The dying female names all seem pretty sensible to me, but I know several people with the male names.

  4. Webmaster says:

    It might be interesting to see if there are certain names that move in waves – one very popular method for naming children, after all (aside from “Junior” for boys”) is to name them after a maternal or paternal grandparent, making it plausible that there are names that simply tend to “skip” a generation every now and again.

  5. Becky says:

    If I ever have a daughter, I like the name Elizabeth which is an old name that’s now coming back in popularity. I loved the name Emily about 12 years ago and now I think one out of every three girls that’s been born since then has been named Emily. Perhaps some of the “dying names” also come from association of someone that’s much older? I hear the name “Doris” and I think of my much older great aunt Doris, rather than a young baby.

  6. trumwill says:


    The names are all separated, so Fred and Fredrick are listed separately. It’s possible Fred is simply being replaced my Fredrick. Interestingly, Alexander is becoming less common as Alex (as a full name) and Jack, which to me was always a nickname for John, is apparently an oft-used name in its own right.

  7. trumwill says:


    Maybe for our grandkids, they will be considered extremely dated. I suspect Cheryl and Lori mostly a matter of spelling change. Lauren is one of those names that has become super-popular, so maybe people are naming their kids that instead of Lori. Debra and Judy do seem, somewhat dated to me, though.

  8. trumwill says:


    I initially had the same though, though on further reflection most of the people I know that have those names are older than I am.

  9. trumwill says:


    I imagine that some names do ebb and flow. I have to imagine that Walter and Stanley have some staying power. I think Beverly may be due for a comeback, too. Other names probably won’t.

  10. trumwill says:


    If I had been female, my name would have been something that shortly after I was born became ridiculously popular. She and I were both glad that never came to pass.

    It is about as hard to imagine a Baby Mildred as it is a Grandma Brittany… though maybe 40 years from now that’ll all be reversed.

  11. Peter says:

    Names that may sound cute on babies and children may not sound quite so appropriate on adults. Case in point: a couple of jobs ago, around 1990, I had some fairly extensive telephone dealings with a young woman at another company named Bambi. Leaving aside the fact that Disney’s Bambi was a male deer, it was quite difficult to take an adult woman with that name entirely seriously.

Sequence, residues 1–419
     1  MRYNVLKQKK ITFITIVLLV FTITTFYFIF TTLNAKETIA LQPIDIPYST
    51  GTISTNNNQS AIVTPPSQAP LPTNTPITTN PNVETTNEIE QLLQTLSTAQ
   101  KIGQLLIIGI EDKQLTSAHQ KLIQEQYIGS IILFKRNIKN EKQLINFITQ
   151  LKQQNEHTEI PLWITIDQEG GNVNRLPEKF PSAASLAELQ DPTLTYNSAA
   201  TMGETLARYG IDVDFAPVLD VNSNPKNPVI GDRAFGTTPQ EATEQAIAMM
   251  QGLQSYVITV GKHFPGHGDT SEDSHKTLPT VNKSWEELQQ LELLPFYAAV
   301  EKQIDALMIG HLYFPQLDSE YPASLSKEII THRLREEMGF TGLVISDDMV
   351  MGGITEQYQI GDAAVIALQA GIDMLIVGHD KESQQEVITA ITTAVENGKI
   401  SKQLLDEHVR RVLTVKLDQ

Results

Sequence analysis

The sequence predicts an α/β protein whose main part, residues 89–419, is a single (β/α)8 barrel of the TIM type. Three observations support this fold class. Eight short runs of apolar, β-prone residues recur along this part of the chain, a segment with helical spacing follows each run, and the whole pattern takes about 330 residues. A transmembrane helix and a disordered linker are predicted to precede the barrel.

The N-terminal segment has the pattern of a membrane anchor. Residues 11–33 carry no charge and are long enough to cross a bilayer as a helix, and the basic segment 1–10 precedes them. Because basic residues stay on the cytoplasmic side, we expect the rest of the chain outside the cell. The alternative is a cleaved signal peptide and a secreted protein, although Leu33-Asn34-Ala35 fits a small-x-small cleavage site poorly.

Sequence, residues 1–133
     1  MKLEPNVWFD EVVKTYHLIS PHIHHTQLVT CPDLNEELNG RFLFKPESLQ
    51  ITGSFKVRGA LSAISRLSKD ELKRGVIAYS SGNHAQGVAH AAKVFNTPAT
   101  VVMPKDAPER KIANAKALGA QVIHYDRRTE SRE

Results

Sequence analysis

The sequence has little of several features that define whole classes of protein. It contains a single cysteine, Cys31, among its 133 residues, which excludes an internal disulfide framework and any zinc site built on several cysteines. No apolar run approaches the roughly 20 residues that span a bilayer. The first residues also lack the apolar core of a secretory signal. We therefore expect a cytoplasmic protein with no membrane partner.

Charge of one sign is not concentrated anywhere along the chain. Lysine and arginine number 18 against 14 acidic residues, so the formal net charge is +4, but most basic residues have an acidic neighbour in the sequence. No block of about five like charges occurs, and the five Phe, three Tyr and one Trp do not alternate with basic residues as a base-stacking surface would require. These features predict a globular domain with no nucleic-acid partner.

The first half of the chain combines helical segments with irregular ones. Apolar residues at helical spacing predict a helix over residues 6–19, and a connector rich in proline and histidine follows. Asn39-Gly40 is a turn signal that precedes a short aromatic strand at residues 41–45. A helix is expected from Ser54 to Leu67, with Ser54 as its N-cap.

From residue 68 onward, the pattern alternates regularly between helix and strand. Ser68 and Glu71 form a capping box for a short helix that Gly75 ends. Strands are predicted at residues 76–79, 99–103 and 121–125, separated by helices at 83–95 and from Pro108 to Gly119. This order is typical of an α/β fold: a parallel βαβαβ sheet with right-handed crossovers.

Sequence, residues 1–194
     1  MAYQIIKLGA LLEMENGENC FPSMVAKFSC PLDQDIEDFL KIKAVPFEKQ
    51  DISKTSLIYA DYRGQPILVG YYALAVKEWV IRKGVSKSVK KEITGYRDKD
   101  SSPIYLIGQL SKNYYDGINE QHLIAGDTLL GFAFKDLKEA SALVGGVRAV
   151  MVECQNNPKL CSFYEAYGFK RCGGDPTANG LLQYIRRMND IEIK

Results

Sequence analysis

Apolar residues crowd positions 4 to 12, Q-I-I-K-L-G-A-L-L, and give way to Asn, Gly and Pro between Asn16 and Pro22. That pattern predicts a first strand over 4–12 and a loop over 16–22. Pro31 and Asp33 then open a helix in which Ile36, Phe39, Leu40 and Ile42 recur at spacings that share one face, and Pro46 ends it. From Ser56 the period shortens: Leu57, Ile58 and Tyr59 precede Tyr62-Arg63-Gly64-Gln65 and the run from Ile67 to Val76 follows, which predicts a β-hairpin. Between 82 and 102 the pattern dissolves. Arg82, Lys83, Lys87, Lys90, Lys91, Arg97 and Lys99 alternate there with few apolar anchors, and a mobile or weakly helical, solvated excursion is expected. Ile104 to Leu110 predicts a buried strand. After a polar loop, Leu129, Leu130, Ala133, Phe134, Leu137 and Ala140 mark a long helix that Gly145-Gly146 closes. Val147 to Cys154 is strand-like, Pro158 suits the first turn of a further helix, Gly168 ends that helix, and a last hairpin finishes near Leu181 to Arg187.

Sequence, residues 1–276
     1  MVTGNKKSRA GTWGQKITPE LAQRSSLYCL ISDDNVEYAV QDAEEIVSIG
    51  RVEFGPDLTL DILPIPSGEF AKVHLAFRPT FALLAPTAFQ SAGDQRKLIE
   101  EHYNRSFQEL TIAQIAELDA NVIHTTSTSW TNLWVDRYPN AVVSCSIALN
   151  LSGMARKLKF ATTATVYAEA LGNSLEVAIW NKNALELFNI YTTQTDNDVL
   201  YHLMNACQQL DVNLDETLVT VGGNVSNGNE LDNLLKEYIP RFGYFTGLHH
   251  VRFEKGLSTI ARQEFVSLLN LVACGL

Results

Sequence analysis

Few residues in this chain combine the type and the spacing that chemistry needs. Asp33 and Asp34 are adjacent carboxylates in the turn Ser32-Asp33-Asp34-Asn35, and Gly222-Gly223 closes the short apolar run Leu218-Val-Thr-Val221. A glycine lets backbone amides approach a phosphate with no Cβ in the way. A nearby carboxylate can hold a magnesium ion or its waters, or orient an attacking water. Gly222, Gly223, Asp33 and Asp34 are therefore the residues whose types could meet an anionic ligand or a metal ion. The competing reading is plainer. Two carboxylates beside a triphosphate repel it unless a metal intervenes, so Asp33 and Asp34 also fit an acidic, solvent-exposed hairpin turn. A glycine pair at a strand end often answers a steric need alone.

12. Brandon Berg says:

    I don’t think I’ve ever met, or even heard of, another Brandon who was more than a few years older than me.

  13. Kirk says:

    It’s funny, that “Kirk” hit its peak right around the time the original Star Trek was out. My folks swear I’m named after some dead relative, but I have my suspicions.

  14. Barry says:

    After looking at that list, I wonder if some of the reason certain names have disappeared has less to do with the “Old Aunt Mildred” effect and more to do with old TV/movie characters and actresses having those names.

    When I saw the name “Carol” I immediately thought of Carol Brady. For “Beverly”, myself, it was Beverly Crusher but that’s just a Trek fan talking.

    But still, I can’t imagine a baby with the same name as the Brady mom, or a red-headed Star Trek doctor.

    Other names that evoke TV character flashes for this 40-ish guy: “Alice” (the Linda Lavin character). “Florence” makes me think of the maid from the Jeffersons, Flo from the aforementioned Alice series, and Florence Henderson – again a Carol Brady recall. Joan makes me think of Dynasty-era Joan Collins, Shirley is Shirley Booth from Hazel. And so on.

    Odd that Lori and Cheryl would be “dead” after Cheryl Ladd and Cheryl Teigs – yes, 70’s era actresses and models but young, attractive ones. Not housewives, waitresses and maids.

  15. Kirk says:

    After seeing “My Darling Clementine” on tv, I got the idea that a good name for a boy would be “Wyatt.” You don’t see too many of those around nowadays.